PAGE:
Infringement procedure against Roche – EMA update

Press release 04/07/2016

The European Medicines Agency (EMA) has concluded its second inquiry within the framework of its infringement procedure against Roche.

The infringement procedure was started by EMA on 23 October 2012 at the request of the European Commission in the framework of Commission Regulation (EC) No 658/2007, the so-called Penalties Regulation. The aim of the inquiry was to investigate allegations that Roche failed to comply with its pharmacovigilance obligations in relation to 19 of its centrally authorised products.

This followed a pharmacovigilance inspection carried out in 2012 by the United Kingdom Medicines and Healthcare Products Regulatory Agency (MHRA), which identified serious shortcomings of the pharmacovigilance processes of the marketing authorisation holder.

The initial EMA investigation report was finalised on 14 April 2014 and forwarded, in accordance with Article 10 of the Penalties Regulation, to Roche, the Member States and the European Commission.

Upon transmission of the investigation report, the procedure continued at European Commission level. However, in July 2015 the European Commission returned the file to EMA for a new period of inquiry and for further examination of certain points of fact.

The Agency has now concluded its second inquiry and sent, on 1 July 2016, the final updated report to the European Commission summarising its findings in light of the inquiries carried out in accordance with the Penalties Regulation.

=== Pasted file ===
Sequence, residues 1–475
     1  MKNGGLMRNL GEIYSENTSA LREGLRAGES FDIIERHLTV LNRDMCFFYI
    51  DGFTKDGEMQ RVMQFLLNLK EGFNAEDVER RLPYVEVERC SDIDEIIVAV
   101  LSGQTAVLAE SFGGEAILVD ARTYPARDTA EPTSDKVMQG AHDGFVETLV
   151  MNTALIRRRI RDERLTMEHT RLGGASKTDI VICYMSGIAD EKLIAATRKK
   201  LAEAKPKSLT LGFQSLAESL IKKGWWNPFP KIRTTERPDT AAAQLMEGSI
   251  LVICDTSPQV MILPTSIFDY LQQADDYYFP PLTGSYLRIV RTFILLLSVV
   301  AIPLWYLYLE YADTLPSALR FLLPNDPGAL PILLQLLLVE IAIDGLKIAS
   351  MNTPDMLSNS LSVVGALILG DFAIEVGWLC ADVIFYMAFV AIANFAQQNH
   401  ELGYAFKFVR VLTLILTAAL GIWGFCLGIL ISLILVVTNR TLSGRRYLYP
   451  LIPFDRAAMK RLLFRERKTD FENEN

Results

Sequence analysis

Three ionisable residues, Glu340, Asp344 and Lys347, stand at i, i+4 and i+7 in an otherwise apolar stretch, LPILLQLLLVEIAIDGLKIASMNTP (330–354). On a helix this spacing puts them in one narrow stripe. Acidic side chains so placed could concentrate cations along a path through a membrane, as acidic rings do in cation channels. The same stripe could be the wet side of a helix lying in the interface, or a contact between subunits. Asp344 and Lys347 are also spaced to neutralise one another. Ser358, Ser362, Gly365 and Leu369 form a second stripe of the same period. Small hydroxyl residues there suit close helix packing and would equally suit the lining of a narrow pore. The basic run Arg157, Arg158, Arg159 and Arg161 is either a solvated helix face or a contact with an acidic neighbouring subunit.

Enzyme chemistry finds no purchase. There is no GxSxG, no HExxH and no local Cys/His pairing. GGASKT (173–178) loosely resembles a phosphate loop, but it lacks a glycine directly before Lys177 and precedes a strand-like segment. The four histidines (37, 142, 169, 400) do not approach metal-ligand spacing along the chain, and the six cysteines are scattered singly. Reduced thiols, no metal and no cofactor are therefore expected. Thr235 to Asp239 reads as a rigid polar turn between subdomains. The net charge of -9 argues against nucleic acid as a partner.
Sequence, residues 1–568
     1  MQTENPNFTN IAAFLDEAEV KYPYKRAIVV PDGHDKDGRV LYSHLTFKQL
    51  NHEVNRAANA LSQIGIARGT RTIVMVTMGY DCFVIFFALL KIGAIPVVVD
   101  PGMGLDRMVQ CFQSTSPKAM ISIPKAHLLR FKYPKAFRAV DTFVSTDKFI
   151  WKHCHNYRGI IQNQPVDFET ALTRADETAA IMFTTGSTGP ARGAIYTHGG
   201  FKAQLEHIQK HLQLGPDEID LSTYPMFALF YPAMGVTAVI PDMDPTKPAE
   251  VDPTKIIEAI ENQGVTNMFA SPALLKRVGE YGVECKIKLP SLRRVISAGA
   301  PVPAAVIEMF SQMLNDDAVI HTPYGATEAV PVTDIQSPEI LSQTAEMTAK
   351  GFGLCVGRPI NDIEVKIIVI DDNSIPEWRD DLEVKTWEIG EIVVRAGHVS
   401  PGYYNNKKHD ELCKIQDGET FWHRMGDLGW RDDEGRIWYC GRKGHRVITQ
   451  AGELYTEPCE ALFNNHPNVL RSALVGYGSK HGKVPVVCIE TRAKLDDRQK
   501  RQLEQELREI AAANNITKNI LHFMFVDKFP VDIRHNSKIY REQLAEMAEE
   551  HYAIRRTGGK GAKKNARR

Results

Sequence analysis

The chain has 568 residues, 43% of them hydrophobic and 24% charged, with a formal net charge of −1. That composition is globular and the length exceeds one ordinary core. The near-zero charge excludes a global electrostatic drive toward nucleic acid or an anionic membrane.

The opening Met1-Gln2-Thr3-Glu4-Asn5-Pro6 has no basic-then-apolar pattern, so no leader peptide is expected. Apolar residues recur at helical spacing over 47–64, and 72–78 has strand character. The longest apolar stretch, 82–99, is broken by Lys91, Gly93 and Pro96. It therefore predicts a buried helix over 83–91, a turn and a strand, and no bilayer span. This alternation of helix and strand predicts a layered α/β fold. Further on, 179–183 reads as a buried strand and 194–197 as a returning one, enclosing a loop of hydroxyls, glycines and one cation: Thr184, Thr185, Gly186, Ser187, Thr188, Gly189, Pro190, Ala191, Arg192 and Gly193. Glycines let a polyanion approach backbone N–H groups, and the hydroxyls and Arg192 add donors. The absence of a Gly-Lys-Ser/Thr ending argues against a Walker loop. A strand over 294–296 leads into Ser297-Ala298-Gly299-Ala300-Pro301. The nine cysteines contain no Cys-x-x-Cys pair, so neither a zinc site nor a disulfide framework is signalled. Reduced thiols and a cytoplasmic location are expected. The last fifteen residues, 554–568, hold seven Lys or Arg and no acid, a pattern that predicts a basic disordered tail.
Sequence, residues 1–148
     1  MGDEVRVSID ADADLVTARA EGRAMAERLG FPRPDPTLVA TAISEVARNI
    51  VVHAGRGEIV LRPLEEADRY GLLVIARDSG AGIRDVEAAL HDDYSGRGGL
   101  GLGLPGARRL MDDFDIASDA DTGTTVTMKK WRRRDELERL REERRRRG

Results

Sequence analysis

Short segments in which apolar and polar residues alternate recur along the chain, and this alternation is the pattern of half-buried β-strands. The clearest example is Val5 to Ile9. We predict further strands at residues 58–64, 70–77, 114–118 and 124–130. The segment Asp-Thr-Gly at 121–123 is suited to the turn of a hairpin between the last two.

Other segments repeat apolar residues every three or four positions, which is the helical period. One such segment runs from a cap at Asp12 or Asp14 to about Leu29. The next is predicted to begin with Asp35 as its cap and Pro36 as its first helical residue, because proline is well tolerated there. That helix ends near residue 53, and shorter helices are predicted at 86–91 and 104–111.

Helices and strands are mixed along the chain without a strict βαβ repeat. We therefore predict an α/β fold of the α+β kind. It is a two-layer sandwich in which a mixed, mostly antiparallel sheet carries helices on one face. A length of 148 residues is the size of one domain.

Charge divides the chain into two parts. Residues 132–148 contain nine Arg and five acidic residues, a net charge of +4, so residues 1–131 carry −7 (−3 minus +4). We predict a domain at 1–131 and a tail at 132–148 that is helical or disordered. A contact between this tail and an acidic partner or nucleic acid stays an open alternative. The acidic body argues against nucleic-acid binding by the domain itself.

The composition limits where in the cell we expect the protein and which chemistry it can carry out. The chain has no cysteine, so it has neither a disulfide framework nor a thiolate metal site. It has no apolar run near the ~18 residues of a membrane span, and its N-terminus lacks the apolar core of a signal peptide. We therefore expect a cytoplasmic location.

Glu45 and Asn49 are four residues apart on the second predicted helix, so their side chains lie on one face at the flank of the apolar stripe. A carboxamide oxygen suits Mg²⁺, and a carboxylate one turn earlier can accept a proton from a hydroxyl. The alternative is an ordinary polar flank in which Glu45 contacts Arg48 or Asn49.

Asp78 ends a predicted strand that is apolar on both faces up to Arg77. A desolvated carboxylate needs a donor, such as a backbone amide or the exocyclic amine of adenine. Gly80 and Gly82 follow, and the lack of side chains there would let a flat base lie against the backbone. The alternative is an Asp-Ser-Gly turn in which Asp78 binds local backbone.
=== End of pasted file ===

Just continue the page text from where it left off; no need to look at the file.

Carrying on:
The report will form the basis for the European Commission's decision on whether or not the matter should be pursued and financial penalties should be imposed.

In accordance with Article 23(1) of the Penalties Regulation, an infringement procedure is carried out subject to the principles of confidentiality and professional secrecy. Any information that is part of the infringement procedure is considered confidential.

No new safety concerns identified

Within the framework of the public health review, Roche has continued to provide additional data as part of their obligatory follow-up and considered these data in their routine pharmacovigilance activities, including the periodic cumulative reviews of the benefits and risks of these medicines.

The assessment by the Agency of the impact of the additional data provided by Roche on the medicines concerned has not identified any important new safety concerns. These reviews have not led to any changes in the terms of the marketing authorisations of these medicines. The balance of benefits and risks of these medicines has not been affected and there is no new advice regarding their use. Patients should continue to take these medicines as advised.

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